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Synthetic Division

Synthetic Division

Long division is useful with the remainder and factor theorems, but long division can be time consuming. To divide a polynomial by a binomial and compute the remainder, we can also use synthetic division. We can only divide by a binomial whose leading coefficient is 1--thus, we must factor the leading coefficient out of the binomial and divide by the leading coefficient separately. Also, the binomial must have degree 1; we cannot use synthetic division to divide by a binomial like x 2 + 1 . Here are the steps for dividing a polynomial by a binomial using synthetic division:

  1. Write the polynomial in descending order, adding "zero terms" if an exponent term is skipped.
  2. If the polynomial does not have a leading coefficient of 1, write the binomial as b(x - a) and divide the polynomial by b . Otherwise, leave the binomial as x - a .
  3. Write the value of a , and write all the coefficients of the polynomial in a horizontal line to the left of a .
  4. Draw a line below the coefficients, leaving room above the line.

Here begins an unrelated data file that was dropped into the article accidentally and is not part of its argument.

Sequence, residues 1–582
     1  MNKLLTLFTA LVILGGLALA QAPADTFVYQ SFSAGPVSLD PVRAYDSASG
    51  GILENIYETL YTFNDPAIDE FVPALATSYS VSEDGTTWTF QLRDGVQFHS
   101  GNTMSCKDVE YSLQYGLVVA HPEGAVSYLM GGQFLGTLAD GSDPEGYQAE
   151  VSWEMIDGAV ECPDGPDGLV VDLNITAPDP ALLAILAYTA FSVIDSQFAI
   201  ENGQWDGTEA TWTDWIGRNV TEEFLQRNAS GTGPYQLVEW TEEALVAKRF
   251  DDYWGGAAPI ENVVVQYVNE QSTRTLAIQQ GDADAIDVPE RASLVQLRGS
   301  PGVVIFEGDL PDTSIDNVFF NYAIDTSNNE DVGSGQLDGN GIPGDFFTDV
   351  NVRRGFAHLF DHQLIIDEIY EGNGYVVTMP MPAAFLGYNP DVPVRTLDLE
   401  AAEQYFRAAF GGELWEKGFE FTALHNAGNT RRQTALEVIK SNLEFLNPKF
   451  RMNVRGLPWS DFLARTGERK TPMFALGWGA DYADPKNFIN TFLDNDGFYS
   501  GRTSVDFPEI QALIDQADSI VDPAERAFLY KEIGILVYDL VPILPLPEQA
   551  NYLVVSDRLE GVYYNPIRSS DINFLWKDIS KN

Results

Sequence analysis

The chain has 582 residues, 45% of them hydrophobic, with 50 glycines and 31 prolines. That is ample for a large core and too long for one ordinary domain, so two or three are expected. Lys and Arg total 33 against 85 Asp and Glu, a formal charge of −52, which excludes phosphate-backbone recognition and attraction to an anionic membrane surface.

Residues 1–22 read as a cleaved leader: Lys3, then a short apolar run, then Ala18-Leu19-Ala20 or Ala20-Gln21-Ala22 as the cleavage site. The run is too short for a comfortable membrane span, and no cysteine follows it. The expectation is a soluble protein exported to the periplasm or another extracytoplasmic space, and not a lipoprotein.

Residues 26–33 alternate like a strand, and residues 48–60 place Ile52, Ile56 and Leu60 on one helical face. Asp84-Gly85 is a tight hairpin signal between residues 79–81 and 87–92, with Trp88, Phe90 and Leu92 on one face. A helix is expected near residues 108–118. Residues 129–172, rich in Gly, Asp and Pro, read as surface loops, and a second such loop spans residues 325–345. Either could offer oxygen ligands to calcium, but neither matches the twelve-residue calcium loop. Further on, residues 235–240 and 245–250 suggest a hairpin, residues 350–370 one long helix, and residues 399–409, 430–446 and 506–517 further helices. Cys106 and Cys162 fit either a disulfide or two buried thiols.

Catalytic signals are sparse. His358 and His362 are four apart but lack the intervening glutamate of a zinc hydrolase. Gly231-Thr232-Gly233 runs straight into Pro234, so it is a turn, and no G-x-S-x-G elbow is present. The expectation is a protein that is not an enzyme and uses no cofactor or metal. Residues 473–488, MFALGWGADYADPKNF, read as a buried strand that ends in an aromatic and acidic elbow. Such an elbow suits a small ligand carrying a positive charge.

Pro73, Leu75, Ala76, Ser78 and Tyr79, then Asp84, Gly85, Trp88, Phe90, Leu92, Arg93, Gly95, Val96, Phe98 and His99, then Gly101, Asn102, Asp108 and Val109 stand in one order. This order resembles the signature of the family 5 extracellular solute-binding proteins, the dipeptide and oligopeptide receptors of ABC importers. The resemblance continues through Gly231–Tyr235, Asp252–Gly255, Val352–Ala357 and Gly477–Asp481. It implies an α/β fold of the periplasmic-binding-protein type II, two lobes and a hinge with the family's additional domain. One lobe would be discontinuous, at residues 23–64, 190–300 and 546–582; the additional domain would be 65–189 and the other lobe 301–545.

5. Bring the first coefficient below the line.
  6. Multiply the number below the line by a and write the result above the line below the next coefficient.
  7. Subtract the result from the coefficient above it.
  8. Repeat steps 6 and 7 until all the coefficients have been used.
  9. If the polynomial has n terms, the first n - 1 numbers below the line are the coefficients of the resulting polynomial, and the last number is the remainder.

Example: What is the result when 4x 4 -6x 3 -12x 2 - 10x + 2 is divided by x - 3 ? What is the remainder?

Figure %: Synthetic Division
The result is 4x 3 +6x 2 + 6x + 8 , and the remainder is 26.

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